Doctors are still studying why this happens, but what they do already know is that you can’t catch psoriasis or any other autoimmune disorder from other people. You can, however, inherit it genetically from others in your family tree. If you have an immediate family member with this condition, you might be more likely to develop psoriasis, although that won’t necessarily happen. According to the National Psoriasis Foundation, only 2% to 3% of people with the gene actually develop the condition. 

Symptoms of Psoriasis

The general term “psoriasis” actually includes five specific types: plaque psoriasis, guttate psoriasis, pustular psoriasis, inverse psoriasis and erythrodermic psoriasis. The exact symptoms of psoriasis vary based on the type, but about 80% of cases are plaque psoriasis with similar symptoms according to the American Academy of Dermatology. The most common symptoms of plaque psoriasis include patches of raised red skin with whitish scales — also known as plaques — dry skin, itching, burning, thick fingernails and swollen joints.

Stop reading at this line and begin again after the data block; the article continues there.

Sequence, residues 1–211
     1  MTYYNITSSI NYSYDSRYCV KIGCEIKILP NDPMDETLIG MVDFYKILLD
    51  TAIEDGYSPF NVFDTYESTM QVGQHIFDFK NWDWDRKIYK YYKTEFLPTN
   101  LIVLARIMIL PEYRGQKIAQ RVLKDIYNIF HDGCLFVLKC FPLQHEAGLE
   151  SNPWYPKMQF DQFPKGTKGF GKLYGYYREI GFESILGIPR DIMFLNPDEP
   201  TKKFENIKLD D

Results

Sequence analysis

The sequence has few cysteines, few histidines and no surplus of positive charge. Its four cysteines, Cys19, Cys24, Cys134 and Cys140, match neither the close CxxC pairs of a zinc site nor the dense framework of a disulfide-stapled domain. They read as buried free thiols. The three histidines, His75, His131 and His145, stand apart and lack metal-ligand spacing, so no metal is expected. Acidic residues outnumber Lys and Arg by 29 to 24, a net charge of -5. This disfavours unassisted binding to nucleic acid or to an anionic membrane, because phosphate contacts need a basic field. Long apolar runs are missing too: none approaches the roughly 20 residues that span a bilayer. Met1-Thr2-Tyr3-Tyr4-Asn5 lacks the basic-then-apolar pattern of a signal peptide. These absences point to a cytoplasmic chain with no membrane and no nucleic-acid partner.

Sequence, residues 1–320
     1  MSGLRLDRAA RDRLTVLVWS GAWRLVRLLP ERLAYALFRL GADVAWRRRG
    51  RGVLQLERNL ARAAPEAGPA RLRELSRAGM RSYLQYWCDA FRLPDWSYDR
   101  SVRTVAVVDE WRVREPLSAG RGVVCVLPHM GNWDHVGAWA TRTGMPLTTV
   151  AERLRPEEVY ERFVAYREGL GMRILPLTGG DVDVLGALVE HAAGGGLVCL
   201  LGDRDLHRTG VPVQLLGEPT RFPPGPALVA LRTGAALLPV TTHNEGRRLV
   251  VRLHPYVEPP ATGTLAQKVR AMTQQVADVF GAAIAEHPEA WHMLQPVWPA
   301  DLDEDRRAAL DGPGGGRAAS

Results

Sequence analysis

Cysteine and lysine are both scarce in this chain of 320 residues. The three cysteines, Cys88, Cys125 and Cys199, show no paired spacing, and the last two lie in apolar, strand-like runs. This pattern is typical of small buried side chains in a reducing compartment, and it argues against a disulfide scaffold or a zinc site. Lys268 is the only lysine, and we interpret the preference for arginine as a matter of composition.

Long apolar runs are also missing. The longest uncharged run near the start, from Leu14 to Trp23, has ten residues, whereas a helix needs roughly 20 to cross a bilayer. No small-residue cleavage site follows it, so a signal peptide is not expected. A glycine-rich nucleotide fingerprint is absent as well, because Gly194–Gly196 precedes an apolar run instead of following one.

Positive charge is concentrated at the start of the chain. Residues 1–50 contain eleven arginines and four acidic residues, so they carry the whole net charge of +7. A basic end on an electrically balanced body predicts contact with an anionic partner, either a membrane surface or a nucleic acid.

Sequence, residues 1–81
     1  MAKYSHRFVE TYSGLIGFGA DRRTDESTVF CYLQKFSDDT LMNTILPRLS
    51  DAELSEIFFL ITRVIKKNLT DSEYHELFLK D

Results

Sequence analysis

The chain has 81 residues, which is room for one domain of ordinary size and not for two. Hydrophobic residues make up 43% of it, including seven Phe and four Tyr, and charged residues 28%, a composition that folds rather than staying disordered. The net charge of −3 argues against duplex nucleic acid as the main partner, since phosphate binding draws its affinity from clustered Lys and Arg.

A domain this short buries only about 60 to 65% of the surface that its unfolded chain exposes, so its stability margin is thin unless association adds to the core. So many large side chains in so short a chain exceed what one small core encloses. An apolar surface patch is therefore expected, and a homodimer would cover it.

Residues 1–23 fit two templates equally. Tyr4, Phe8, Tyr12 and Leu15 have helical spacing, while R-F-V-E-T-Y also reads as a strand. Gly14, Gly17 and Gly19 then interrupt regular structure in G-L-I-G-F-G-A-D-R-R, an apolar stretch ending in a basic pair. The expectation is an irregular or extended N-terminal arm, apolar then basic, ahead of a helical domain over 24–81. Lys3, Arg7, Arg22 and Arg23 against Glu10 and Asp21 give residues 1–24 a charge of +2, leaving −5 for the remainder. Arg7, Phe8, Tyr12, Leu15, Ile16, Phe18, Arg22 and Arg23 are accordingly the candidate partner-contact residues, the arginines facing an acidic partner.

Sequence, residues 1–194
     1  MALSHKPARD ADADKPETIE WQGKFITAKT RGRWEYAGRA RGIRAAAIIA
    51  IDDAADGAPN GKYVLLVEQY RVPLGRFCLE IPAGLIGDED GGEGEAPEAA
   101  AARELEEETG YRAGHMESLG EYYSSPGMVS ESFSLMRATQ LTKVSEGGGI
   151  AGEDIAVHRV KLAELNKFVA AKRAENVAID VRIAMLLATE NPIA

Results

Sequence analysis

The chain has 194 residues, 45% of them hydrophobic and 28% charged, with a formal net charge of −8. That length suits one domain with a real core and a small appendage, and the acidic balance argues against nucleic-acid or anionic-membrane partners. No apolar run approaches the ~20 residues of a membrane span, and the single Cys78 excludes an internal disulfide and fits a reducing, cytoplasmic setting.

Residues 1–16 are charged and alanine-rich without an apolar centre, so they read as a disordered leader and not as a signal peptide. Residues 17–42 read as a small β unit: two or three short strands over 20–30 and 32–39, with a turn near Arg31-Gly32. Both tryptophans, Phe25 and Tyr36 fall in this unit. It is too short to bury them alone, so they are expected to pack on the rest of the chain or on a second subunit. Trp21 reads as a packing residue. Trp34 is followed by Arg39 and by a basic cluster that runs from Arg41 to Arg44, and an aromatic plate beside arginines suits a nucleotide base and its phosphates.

Even with this most common kind of psoriasis, not everyone experiences the same symptoms. Some people only have episodes with a few bothersome flakes, while others have psoriasis buildups all over their bodies, causing substantial pain and discomfort. Symptoms tend to flare up and die down in repeating cycles. During good periods with no flare-ups, you might not have any symptoms at all. At other times, you might have severe flare-ups for a lengthy period. This is a common trait of many autoimmune diseases.

Conventional Psoriasis Treatments

Unfortunately, psoriasis doesn’t have a simple cure, but it does have some treatment options that can help you manage the symptoms of the disease. Topical creams can soothe inflamed skin and help reduce symptoms. They come in several versions, including corticosteroid creams, retinoid creams and salicylic acid creams.